Generational Differences
August 24, 2017 Workforce

Finding New Optimism in Generational Differences at SHARE Providence

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The mainframe industry is constantly buzzing about what to do with millennials: how to attract them, what to do once you’ve got them, why you even need them in the first place. At SHARE Providence, you could have attended a different session every day to hear someone’s take on this issue. Although the conference ended nearly two weeks ago, I’m still reflecting on my experience as a first-time attendee.

Unfortunately, both sides of the generational gap in mainframe development tend to oversimplify the issues, and that can leave you with the wrong expectations and plenty of assumptions. Admittedly, I carried some with me into this conference. I entered my first SHARE conference hyper aware of my “otherness.”

Initial Assumptions Altered

One of those assumptions was that SHARE is a technical conference with only technical sessions. Imagine my surprise when I wandered into one titled “’Socrates Says’: A Light-Hearted Look at Career and Life Planning.” The joke was every attendee scrambling for paper when the speaker implied we’d be writing the answers to all our lives’ questions, yet we all walked out with pages entirely blank but for the words “I am…” scribbled at the top.

The famous words of Socrates are, “Know thyself!” and, “The unexamined life is not worth living.” We are no doubt attempting to know ourselves and examine this life when we weigh and compare the differences that blend into our workplaces.

New Generational Positives

I expected those differences to widen as speakers continued to pare down complicated groups of people into the generational tropes with which we are familiar. “Only people born between these years work hard,” “The new people like Snapchat or something,” and, “What do you mean there is a generation between those two?”

Again, I was surprised when one speaker framed each generation’s stereotype in a new light: perhaps building a career before the convenience that modern tech affords explains the incredible work ethic and quality output of the Baby Boomer generation. Perhaps the generation called “latch-key” or “forgotten” became the independent, self-starters they are for that very reason. Perhaps the criticism that my generation was never told “no” is in fact our greatest strength—our perception of the world is limitless.

Persistent Generational Differences

Even with the intriguing reframing of these stereotypes, there is one that is still difficult for me to hear frequently: that my generation is lazy and cannot appreciate what brought us to this point.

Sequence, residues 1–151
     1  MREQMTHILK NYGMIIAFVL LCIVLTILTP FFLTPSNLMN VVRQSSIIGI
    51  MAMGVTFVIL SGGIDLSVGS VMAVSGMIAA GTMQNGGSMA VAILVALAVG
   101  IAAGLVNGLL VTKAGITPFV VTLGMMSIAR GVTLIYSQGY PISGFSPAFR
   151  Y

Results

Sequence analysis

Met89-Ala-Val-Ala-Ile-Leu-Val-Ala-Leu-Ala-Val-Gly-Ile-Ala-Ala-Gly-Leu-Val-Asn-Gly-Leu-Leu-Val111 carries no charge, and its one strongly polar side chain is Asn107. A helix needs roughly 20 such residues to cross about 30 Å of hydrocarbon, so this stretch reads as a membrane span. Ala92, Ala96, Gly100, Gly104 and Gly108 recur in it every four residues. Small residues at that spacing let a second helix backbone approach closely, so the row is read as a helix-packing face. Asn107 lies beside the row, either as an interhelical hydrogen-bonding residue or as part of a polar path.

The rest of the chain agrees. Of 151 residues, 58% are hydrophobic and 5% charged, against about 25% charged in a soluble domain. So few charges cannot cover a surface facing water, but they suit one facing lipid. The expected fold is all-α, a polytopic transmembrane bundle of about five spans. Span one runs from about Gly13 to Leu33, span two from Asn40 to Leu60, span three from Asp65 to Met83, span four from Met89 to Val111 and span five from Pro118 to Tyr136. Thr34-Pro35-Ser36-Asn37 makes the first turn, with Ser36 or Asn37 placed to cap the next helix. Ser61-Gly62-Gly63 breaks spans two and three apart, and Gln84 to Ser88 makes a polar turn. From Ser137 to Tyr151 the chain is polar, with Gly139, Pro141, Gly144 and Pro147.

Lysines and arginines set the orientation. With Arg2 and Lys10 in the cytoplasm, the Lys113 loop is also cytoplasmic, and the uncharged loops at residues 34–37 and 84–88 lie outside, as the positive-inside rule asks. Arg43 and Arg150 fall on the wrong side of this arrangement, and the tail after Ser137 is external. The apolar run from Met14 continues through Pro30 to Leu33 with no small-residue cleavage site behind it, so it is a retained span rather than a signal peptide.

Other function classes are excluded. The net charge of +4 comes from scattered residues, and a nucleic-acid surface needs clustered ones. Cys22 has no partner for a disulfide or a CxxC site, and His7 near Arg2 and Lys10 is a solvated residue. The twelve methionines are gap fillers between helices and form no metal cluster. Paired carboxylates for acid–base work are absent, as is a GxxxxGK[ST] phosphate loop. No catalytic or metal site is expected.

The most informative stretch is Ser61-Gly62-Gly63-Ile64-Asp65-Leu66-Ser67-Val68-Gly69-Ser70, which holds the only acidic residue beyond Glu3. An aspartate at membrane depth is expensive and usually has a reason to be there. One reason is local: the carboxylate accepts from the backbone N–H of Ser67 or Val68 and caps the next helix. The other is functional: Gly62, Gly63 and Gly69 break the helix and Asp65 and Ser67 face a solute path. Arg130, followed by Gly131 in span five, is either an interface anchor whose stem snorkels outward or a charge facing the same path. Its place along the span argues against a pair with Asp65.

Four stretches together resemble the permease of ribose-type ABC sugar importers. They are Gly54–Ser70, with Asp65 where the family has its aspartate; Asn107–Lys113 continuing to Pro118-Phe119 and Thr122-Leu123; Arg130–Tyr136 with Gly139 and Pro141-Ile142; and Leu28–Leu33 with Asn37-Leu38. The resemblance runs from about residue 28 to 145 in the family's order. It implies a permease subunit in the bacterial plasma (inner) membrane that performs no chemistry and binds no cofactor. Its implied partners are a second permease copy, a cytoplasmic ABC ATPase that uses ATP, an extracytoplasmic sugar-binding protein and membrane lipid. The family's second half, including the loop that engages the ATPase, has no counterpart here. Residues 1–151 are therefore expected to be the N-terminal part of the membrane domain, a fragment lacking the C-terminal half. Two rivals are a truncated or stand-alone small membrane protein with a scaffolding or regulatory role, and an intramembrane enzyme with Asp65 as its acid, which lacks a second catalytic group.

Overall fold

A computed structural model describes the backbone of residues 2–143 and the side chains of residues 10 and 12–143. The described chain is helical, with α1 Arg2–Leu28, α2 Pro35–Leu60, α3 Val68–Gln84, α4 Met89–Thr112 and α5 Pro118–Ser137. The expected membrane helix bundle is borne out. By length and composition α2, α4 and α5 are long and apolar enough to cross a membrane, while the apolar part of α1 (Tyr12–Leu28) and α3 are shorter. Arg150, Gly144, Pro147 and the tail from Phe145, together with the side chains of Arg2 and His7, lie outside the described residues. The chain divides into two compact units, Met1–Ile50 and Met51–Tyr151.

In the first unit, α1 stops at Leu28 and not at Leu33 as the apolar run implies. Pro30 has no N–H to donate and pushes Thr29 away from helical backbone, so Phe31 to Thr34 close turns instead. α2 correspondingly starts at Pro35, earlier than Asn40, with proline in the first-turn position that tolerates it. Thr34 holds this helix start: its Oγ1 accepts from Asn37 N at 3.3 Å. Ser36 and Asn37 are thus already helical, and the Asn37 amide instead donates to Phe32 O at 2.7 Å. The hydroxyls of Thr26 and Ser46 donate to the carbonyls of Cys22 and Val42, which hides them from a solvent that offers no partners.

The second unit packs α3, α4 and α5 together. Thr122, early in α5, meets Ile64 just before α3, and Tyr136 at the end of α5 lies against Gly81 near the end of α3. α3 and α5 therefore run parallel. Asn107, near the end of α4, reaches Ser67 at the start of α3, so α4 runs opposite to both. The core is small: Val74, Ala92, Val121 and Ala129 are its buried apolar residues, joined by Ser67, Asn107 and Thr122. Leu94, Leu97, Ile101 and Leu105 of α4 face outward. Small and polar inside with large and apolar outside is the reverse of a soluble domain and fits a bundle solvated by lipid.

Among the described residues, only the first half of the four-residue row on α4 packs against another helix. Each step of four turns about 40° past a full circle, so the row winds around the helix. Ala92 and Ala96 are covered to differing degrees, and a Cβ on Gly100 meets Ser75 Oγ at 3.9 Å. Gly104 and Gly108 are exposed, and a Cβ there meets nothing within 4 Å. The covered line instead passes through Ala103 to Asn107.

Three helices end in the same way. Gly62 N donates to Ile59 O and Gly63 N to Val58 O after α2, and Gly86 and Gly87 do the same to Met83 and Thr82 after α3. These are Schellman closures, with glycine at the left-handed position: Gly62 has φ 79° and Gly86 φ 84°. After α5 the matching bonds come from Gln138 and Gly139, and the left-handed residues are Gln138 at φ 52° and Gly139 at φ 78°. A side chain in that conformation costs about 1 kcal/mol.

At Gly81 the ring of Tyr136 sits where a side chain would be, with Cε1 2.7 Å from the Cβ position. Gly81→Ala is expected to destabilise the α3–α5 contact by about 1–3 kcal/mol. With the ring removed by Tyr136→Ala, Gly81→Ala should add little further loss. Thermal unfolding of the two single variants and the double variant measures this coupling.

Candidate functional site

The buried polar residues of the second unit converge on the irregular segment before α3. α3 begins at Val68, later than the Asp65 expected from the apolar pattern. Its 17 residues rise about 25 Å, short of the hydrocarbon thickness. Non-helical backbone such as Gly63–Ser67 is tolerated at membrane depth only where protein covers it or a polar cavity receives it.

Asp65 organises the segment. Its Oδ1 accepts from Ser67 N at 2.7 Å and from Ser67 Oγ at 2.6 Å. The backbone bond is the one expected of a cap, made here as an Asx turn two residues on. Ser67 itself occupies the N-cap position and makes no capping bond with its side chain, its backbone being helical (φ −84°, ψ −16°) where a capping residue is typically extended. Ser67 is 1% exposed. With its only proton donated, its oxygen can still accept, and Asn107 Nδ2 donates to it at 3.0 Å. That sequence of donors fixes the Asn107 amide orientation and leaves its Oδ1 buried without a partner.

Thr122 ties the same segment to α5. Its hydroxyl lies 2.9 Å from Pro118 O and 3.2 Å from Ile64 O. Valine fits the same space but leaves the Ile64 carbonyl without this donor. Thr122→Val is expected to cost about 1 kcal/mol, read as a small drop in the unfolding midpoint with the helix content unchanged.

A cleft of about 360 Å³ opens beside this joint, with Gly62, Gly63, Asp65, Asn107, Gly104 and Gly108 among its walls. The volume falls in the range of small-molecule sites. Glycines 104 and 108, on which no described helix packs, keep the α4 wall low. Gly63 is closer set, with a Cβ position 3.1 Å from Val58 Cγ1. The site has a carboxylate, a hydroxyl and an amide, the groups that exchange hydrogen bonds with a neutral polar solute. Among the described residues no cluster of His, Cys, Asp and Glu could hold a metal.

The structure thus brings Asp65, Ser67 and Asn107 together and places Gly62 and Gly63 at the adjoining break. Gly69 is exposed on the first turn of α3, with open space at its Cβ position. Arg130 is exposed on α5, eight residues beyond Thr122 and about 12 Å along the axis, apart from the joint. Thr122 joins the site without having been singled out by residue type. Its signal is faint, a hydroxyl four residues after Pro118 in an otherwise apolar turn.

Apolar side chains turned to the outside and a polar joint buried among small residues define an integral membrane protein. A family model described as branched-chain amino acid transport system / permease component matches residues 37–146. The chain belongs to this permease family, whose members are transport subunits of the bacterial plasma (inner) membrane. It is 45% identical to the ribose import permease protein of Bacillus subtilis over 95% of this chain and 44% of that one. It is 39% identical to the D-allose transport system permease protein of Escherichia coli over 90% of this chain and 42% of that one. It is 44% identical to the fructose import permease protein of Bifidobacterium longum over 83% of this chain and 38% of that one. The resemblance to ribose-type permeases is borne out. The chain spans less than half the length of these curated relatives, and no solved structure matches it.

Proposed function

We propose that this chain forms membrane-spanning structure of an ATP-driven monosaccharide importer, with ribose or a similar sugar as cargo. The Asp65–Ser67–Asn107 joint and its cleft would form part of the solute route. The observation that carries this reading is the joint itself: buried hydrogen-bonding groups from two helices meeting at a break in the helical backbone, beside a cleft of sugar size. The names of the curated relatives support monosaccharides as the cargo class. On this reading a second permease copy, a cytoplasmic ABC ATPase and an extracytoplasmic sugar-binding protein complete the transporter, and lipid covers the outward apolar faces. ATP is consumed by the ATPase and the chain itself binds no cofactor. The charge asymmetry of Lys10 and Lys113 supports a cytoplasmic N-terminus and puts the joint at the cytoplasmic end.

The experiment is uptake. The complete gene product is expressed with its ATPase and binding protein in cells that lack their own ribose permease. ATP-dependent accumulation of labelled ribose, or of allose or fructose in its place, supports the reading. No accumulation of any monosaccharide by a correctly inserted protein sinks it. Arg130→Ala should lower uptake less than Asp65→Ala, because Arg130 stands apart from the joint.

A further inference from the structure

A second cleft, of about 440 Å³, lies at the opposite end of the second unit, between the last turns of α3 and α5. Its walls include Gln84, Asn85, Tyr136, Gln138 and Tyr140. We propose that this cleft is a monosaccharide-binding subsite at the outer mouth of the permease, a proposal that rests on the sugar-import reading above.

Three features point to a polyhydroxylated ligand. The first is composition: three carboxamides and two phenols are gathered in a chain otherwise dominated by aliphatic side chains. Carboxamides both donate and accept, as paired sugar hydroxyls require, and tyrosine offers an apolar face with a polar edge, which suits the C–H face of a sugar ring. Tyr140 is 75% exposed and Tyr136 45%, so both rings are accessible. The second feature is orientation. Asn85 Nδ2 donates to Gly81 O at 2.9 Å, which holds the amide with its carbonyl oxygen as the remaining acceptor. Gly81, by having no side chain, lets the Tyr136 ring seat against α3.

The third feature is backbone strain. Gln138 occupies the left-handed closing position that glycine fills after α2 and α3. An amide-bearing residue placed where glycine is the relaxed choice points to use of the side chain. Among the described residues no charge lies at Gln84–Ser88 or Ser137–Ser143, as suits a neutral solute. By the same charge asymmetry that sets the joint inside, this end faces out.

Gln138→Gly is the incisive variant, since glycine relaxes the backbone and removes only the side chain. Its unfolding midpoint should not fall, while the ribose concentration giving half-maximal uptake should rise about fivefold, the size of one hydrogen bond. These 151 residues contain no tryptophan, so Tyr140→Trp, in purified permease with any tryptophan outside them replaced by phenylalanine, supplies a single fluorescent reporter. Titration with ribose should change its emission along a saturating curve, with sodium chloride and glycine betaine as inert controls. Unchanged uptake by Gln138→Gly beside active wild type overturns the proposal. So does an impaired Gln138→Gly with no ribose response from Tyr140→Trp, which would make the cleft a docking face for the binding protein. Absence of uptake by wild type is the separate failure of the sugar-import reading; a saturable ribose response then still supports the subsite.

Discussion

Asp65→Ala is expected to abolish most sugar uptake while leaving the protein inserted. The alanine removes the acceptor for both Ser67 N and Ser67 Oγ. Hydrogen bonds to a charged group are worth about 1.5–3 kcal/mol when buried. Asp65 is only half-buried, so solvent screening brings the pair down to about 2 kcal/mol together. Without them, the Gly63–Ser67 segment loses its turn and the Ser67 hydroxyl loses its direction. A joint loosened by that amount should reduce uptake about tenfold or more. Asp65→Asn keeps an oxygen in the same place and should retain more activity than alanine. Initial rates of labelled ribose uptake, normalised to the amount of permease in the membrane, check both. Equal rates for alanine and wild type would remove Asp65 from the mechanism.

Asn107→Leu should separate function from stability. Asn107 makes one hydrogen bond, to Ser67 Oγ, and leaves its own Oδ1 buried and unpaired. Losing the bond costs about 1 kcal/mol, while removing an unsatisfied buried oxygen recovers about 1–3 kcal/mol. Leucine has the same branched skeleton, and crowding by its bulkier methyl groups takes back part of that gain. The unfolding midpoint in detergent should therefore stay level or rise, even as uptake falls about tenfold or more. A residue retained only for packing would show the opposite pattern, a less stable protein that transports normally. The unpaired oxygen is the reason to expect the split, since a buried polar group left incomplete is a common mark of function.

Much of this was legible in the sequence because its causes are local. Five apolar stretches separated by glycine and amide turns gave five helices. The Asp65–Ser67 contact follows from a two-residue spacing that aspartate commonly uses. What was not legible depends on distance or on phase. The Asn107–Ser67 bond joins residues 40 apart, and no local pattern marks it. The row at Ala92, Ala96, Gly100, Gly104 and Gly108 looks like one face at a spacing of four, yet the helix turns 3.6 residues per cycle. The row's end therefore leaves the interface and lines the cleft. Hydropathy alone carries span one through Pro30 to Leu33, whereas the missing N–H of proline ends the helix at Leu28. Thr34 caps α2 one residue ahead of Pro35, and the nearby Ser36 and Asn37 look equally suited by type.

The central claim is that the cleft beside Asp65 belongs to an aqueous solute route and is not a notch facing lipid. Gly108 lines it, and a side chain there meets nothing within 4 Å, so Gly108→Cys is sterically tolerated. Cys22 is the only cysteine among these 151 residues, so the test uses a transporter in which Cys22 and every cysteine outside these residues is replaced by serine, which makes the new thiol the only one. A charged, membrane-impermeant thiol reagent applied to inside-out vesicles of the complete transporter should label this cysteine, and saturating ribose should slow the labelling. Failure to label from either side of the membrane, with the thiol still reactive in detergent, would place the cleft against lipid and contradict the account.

I heard such a thing in what I considered to be my favorite session. It was a 50-year celebration of mainframe virtualization, and I was having a wonderful time hearing the stories. The speaker and everyone in the crowd reminisced about different hardware and operating systems: the first thing they worked on, the first machine they broke, the computer that was known for moving across the room because it would rattle so hard. I was enjoying it so much, I forgot for a moment that I didn’t belong.

When the speaker made his remark about young people without appreciation, I was saddened. And contrary! I think there is less that divides us than we think. If millennials are anything, we are nostalgic, and that sentimentality reaches further back than our own experiences. I may have been born too late to have earned any retro cred, but the work I do gets me as close as I can to it. Even if they are someone else’s stories about card punches and terminals, I’m glad I joined this industry in time to hear them.

Hope for Change

If only the older generations knew how much the younger generation also loves the mainframe. We are not here to replace them, and the tools we use are not meant to erase a rich computing history. We are only trying to build from it and look to the future while we do it.

Socrates said, “the unexamined life is not worth living” while on trial. He chose death over exile because he’d rather continue his quest in the afterlife than not at all. With respect to Socrates, I am not about to tolerate the death of the mainframe because we as stewards bobbled the handoff while arguing about our generational differences. These conversations can be enlightening, but since we have more in common than we admit, I hope we can put our combined focus on the future and make certain that the mainframe remains in it.

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Krysten Erickson

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